I think it's a mixture. There are way more lanes than there used to be. My girlfriend recently started cycling and she was nervous about going on the roads to start. Confidence is a part of it and always being aware. Once you start, it quickly becomes second nature.
Do you use the new lanes put in place for lockdown?
Yeah, although I find them quite annoying actually. They feel like an afterthought. By contrast, the Superhighways are really well done. The best bit of Superhighway in London goes the whole way along the embankment. You don't come into contact with cars at all. It's a really lovely ride.
London’s so sprawling, we need these quick routes across.
I think London seems massive too, but when you're on a bike it reduces the size of it. Depending on your pace, you can reach most places in thirty minutes. That's the good thing about riding in London – it makes the city feel closer. You get to places comfortably – especially when you've got a motor behind you.
Yeah, I don’t mind that extra kick.
Definitely. You can feel like you’re chopping and changing with buses and tubes. Whereas if you’re on a bike, that's the one thing you do. From your doorstep all the way to work. I find there’s something cool about riding to go for dinner and then cycling home. There’s something in that self-sufficiency.
How do you know our photographer, Matt Ben Stone?
It’s a nice evolution. I met Matt at a road race in East London six years back. He took some pictures of me just by chance and I used them in the cycling blog I was running. It grew from there. A year or so after, I wanted to make something physical you could have and hold. So we got together and launched a magazine, The Domestique, centred on the London cycling scene and the community around it. Here he is again, years later, getting shots of me on a Cowboy.
What’s behind the name of the magazine?
Say your team has the yellow jersey in the Tour de France, everyone except the frontrunner would be a domestique. So, if the rider in pole position needs a bottle of water, the domestique gets it and circles back to him. If he needs to be paced up a mountain, they'd be in front shielding him from the wind. The name is inspired by the notion of community. Our idea of The Domestique is to back anyone to get on a bike and ride.
The name is inspired by the notion of community. Our idea of The Domestique is to back anyone to get on a bike and ride.
What's a typical story you might feature?
It’s really for the London community, the average Joe like me who rides to work every day and sometimes a bit further afield on the weekend. We feature anyone who has a story to tell on their bike. Once I spoke to a 70-year-old who was still racing. That's just the coolest grandad you could ever wish for. Any inspirational story like that drew me in.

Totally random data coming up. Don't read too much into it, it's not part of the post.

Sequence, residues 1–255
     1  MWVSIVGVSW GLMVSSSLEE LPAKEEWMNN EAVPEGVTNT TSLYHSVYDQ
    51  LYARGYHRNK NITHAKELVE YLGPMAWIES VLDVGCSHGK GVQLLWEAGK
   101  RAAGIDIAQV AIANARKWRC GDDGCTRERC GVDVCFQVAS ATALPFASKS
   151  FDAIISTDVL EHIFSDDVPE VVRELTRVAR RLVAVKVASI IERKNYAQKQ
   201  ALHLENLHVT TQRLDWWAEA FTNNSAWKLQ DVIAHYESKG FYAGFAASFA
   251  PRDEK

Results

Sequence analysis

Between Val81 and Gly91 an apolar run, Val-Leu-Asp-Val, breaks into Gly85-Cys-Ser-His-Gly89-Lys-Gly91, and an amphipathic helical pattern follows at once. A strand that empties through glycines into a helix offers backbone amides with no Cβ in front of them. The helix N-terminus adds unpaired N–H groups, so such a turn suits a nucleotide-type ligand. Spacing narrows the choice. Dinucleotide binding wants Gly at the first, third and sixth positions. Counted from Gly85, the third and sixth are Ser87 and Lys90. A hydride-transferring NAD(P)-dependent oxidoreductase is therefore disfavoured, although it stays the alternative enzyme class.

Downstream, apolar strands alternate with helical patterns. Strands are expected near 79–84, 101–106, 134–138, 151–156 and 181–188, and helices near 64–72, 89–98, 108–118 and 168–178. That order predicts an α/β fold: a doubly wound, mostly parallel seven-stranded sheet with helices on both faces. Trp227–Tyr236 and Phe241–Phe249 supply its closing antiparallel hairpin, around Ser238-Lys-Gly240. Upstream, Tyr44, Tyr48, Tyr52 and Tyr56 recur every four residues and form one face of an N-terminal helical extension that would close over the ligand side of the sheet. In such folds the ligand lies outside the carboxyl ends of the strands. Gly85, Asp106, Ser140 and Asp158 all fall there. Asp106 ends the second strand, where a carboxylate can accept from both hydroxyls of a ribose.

I'd love to get my hands on a copy.
Yeah I’ll post you one.
Thanks. I know cycling communities can be pretty passionate.
Yeah, we’re a load of nutters. [laughs]. Certainly enthusiastic. What was great about that community is that everyone was chipping in. Matt would input his amazing photography and there were a few designers around who would keep the magazine looking good. The whole thing came together through cycling. The community is quite radical in some ways – always pushing limits, always seeing what else can be done.On that theme, when in your life have you felt the most cowboy?
Well, to keep it to bikes – I’d wanted to go backpacking for ages, I’d read so many books on it, and last year I went for the first time in the Peak District. I went on my own with my mountain bike, my tent, and my cooking gear strapped to it and to me. There was something that felt good about just being on my own and doing it. I’d never found the time for it, but this weekend just became available where I could.
The biking community is quite radical in some ways – always pushing limits, always seeing what else can be done.
And you did it.
Yeah. It was cool. I had a plan of sorts, but I kept it loose and changed on how I was feeling.
Any hairy moments?
Yeah, plenty. [laughs] I'm new to mountain biking – and it's scary up there. The trails are gnarly and I had a tonne of hair-raising moments involving large boulders and steep cliffs you're tracing up and down. After a while, I had a trick. I let mountain bikers go ahead of me and I watched what they did. Then I'd cheat and follow them down afterwards. [laughs]. I felt every time I did it that I got better and better. By the end, every time I got down the mountain without putting my foot down or falling off, it felt like an achievement.
You're inspiring me to go and do something like this.
Yeah, it's fun. I definitely recommend it, especially having all your life attached to you and your bike. Where you live, where you sleep, where you eat, everything is tied to you. You pull into these remote places, set up camp and make dinner for the night, completely self-sufficient. All you need is your bike.
That's a good Cowboy moment. And I've heard a few.
Okay, good. There's pressure on that. [laughs]